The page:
Ghanaian-Hungarian artiste Sena Dagadu of Irie Maffia has a distinct musical personality, undeniable stage-craft and is one of the most versatile artistes on the scene. She discussed rap and inspiration with us.
How did you get into rapping and who or what inspired you to put down your first verse?
My sister came home one day with a Snoop Dogg tape. I remember at first I didnt really understand what it was all about. After a while i started to get the whole flow and from then i was hooked. I wrote my first verses when i moved to Budapest
Apart from Snoop Dogg, who else did you listen to in the early years?
Fugees, Biggy, Tupac, Lil Kim, Gang Starr, Busta Rhymes, Missy, Salt-n-Pepa, Mos Def, everything really. My sis would get mixtapes and bring them to me. Sometimes I didn’t even know who I was listening to. I would just soak flows and vibes. I loved Lost Boyz n Bone Thugs too. I had a lot of free time when i first moved so my pen and paper were my best friends 🙂
Irie Maffia…tell us, how did that happen? What fostered your involvement with the group?
I knew the guys from way back when I was with Gimmeshot Crew. Elo and JummoDaddy were producers there at the time. They asked me point blank to join and finish the Hands Inna Di Air album with them. I had plenty free time, no money and enough sense to see an opportunity knocking so I said yes and we have been rocking it since.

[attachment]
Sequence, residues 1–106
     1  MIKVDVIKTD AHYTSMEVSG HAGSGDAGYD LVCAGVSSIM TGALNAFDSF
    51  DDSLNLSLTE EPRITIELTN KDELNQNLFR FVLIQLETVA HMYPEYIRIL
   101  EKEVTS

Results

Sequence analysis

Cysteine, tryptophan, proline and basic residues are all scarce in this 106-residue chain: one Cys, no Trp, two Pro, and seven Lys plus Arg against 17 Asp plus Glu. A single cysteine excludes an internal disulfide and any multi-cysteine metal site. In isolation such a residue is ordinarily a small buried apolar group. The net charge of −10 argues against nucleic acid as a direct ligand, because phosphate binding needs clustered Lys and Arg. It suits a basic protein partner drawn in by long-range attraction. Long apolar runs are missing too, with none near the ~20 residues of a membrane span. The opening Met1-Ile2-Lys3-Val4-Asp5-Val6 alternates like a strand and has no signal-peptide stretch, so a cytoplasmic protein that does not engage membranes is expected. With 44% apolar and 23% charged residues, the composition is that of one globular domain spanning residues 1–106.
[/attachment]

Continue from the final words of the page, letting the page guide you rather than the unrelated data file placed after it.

What inspires you to write? Take us through your thought process when you sit down to put down a verse
It is so random. I mean like last night we had a cool show with Red Red, I went home and was feeling good so I wrote a verse. Sometimes it just comes, other times I have to think hard. Most times I put the beat on repeat for hours and write it out. Sometimes I start by writing words that pop into my head then string them up into a tune, other times i don’t even have to think. It depends on my state of mind and spirit but everything and anything can inspire. A good beat helps though.
It’s quite apparent that your style is quite unique. What or who would you attribute your style of writing and delivery to?
Haha thats my secret. I consider myself a chameleon. A lot of people influence me but its my mind and spirit that make me unique. Then there’s time and practice, getting to know myself and my voice, learning and listening.
Who do you listen to these days?
Well Spotify is great. I get to hear lots of new stuff. My husband collects lots of trap and hiphop so I just press shuffle. Loving Trombone Shorty when I’m home alone though. I love Jazz, Soul, Hip-hop but mostly I listen to the music we make. I mean with M3nsa and Elo in the place its hard not to have dope stuff to listen to.
Would you say you’ve found your voice as a rapper or are you still evolving?
Ever evolving chale. Constantly changing and learning, in fact i don’t know anything oooh. I am just riding waves, sometimes crashing sometimes flying high. I know who I am today but nobody knows tomorrow so its exciting.
LOL now you’re being modest.
Thats just who I am. I mean if I think I am the don, then the fun of learning is gone. I prefer the slow but sure road.
What’s your definition of real rap music and can you give us 2 Ghanaian acts that you think put out REAL music?